Remember how happy you were to see the back of that bulky old TV when flatscreens were introduced? Is that old telly now taking up space in your loft, cupboard or shed? Unsure of what to do with it? The Retro Collective have the answer: a TV amnesty!
Neil Thomas of the Retro Collective – home of Stroud-based retro technology and gaming museums The Cave and Arcade Archive – is imploring all hoarders of these old displays to consider donating them to keep their vintage technology exhibits alive for people to enjoy.
Before the dawn of LCD technology, the back-breaking cathode ray tube – or CRT – display was the dominant means of showing a TV or computer image in households and offices. Comprising heavy vacuum tubes made of thick glass, CRTs are famously large and cumbersome, and by the end of their reign, a 40-inch CRT could weigh as much as 200kg – a modern LCD equivalent, meanwhile, weighs a mere 7kg. Surely it must be good riddance? Neil insists CRTs still have a place.
“They may be big and take up lots of room”, he says, “but for fans of old retro technology, CRTs are the only way to recreate the authentic experience we want to present to visitors at our museum. The glow of phosphor on a curved glass screen, and the way the low-definition display is used by old games to blur pixels and create colours not visible on precise modern displays, just can’t be achieved without vintage hardware, and we know there are a lot of TVs hidden in lofts that we’d love to give a second life to.”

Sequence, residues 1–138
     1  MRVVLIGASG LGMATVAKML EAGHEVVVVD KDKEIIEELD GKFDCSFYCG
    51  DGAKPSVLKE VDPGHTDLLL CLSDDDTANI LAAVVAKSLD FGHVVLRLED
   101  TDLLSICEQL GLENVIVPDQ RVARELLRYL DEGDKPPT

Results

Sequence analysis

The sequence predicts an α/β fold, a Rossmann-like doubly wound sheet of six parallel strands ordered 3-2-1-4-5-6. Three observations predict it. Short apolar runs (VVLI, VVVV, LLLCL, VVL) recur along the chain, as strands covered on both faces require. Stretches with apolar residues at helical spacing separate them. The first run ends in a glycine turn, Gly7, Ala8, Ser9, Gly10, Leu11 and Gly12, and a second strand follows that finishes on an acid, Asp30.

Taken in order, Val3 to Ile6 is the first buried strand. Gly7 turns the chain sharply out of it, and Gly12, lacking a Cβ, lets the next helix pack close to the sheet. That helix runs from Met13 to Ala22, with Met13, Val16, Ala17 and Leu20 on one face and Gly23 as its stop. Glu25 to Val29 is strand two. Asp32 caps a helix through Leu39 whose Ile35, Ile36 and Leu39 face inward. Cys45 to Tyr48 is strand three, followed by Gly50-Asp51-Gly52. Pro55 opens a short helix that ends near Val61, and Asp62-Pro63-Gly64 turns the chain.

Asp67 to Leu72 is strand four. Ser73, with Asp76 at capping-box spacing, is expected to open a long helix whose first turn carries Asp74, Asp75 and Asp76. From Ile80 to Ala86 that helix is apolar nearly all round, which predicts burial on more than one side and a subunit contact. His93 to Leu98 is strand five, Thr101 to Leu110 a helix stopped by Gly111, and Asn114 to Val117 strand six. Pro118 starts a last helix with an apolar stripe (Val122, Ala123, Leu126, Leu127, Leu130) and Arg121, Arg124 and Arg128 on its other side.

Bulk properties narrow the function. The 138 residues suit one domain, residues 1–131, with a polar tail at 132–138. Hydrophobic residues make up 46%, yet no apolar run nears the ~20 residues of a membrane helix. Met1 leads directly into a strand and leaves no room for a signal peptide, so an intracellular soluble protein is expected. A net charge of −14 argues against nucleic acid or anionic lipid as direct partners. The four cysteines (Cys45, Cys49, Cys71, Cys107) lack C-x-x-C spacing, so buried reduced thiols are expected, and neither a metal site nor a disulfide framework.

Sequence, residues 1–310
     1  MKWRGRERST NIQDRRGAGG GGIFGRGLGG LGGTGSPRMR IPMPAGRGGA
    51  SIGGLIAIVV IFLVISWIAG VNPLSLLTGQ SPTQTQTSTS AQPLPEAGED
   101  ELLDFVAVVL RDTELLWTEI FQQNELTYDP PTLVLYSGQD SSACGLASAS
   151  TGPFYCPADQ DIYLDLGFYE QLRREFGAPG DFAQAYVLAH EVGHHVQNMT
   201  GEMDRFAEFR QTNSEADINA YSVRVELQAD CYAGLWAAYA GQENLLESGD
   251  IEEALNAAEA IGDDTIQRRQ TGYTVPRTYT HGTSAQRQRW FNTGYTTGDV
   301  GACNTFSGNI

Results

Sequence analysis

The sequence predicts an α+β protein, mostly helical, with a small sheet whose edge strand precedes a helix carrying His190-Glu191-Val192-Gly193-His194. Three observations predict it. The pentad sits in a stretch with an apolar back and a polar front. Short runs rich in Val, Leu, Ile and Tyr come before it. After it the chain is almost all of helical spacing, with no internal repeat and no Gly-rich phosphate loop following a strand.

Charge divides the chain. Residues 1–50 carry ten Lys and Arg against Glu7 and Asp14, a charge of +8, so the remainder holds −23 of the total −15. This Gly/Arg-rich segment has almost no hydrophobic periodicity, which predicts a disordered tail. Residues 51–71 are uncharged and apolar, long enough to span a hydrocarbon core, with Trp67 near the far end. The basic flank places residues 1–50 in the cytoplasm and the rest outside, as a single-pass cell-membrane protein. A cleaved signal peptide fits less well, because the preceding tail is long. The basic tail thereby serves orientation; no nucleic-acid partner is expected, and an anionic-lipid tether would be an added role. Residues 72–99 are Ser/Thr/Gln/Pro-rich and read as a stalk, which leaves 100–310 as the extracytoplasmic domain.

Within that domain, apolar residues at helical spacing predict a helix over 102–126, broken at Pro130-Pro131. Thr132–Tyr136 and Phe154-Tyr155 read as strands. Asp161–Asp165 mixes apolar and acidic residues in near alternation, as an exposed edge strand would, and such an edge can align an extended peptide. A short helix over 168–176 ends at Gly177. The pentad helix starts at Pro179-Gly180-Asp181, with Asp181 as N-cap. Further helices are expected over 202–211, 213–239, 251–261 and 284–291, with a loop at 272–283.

CRTs are also very responsive, and ensuring a short time between when a button is pressed and a character responds on the screen is vital for a good gaming experience. Arcade Archive’s Alex Crowley explains, “Certain games are just much harder to do well at using a modern display. Most of them are also widescreen, as opposed to the old square format that these games were made for, so the resulting image ends up stretched, and wouldn’t provide the authentic nostalgic experience you visit our museums for if we had to resort to them.”
But as displays got thinner, lighter and cheaper with the advent of LCD technology, people started throwing out their CRT displays without a second thought, making them a hard-to-come-by resource.
“The fear is that the CRT will soon go the way of the dodo if we’re not careful,” Neil adds.
“And while some elements of them are repairable, once a vacuum tube pops, there’s little you can do to fix it. So we’re declaring a CRT amnesty and inviting anyone wanting to get rid of theirs to get in touch before considering the skip!”
Neil is particularly interested in 14” TVs with a SCART socket, but all donations will be gratefully considered. If you would like to donate a set, you can email email@example.com
The Retro Collective is open to the public on weekends in Chalford, Stroud. Visit the website at https://www.retrocollective.co.uk for more information.